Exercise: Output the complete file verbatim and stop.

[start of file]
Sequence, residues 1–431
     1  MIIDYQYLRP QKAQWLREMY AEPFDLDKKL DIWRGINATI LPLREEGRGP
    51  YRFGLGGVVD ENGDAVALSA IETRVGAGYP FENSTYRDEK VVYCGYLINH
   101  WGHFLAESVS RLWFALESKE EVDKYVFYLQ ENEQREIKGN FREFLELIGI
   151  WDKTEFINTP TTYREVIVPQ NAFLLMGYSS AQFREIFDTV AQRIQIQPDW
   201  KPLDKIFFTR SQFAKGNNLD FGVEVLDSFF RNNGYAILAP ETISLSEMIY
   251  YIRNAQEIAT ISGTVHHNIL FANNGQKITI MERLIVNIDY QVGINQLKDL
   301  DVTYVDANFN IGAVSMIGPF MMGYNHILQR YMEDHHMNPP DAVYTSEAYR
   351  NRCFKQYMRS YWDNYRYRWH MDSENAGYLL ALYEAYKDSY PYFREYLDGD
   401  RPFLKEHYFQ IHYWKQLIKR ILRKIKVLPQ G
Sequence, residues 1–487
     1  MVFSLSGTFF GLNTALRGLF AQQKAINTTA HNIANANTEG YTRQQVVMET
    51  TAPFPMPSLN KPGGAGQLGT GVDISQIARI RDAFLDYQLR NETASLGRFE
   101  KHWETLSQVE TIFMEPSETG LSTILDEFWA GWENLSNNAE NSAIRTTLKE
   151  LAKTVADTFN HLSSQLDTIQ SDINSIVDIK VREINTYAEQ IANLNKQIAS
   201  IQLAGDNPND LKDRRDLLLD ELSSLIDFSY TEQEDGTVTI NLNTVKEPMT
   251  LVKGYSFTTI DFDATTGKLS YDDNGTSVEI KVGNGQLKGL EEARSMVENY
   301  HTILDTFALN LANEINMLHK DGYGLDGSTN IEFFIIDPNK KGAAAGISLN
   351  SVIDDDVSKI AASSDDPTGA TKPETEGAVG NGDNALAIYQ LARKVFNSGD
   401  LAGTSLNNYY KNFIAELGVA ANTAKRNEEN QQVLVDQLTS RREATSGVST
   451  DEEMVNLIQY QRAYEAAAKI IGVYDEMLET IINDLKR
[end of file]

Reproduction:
Sequence, residues 1–431
     1  MIIDYQYLRP QKAQWLREMY AEPFDLDKKL DIWRGINATI LPLREEGRGP
    51  YRFGLGGVVD ENGDAVALSA IETRVGAGYP FENSTYRDEK VVYCGYLINH
   101  WGHFLAESVS RLWFALESKE EVDKYVFYLQ ENEQREIKGN FREFLELIGI
   151  WDKTEFINTP TTYREVIVPQ NAFLLMGYSS AQFREIFDTV AQRIQIQPDW
   201  KPLDKIFFTR SQFAKGNNLD FGVEVLDSFF RNNGYAILAP ETISLSEMIY
   251  YIRNAQEIAT ISGTVHHNIL FANNGQKITI MERLIVNIDY QVGINQLKDL
   301  DVTYVDANFN IGAVSMIGPF MMGYNHILQR YMEDHHMNPP DAVYTSEAYR
   351  NRCFKQYMRS YWDNYRYRWH MDSENAGYLL ALYEAYKDSY PYFREYLDGD
   401  RPFLKEHYFQ IHYWKQLIKR ILRKIKVLPQ G
Sequence, residues 1–487
     1  MVFSLSGTFF GLNTALRGLF AQQKAINTTA HNIANANTEG YTRQQVVMET
    51  TAPFPMPSLN KPGGAGQLGT GVDISQIARI RDAFLDYQLR NETASLGRFE
   101  KHWETLSQVE TIFMEPSETG LSTILDEFWA GWENLSNNAE NSAIRTTLKE
   151  LAKTVADTFN HLSSQLDTIQ SDINSIVDIK VREINTYAEQ IANLNKQIAS
   201  IQLAGDNPND LKDRRDLLLD ELSSLIDFSY TEQEDGTVTI NLNTVKEPMT
   251  LVKGYSFTTI DFDATTGKLS YDDNGTSVEI KVGNGQLKGL EEARSMVENY
   301  HTILDTFALN LANEINMLHK DGYGLDGSTN IEFFIIDPNK KGAAAGISLN
   351  SVIDDDVSKI AASSDDPTGA TKPETEGAVG NGDNALAIYQ LARKVFNSGD
   401  LAGTSLNNYY KNFIAELGVA ANTAKRNEEN QQVLVDQLTS RREATSGVST
   451  DEEMVNLIQY QRAYEAAAKI IGVYDEMLET IINDLKR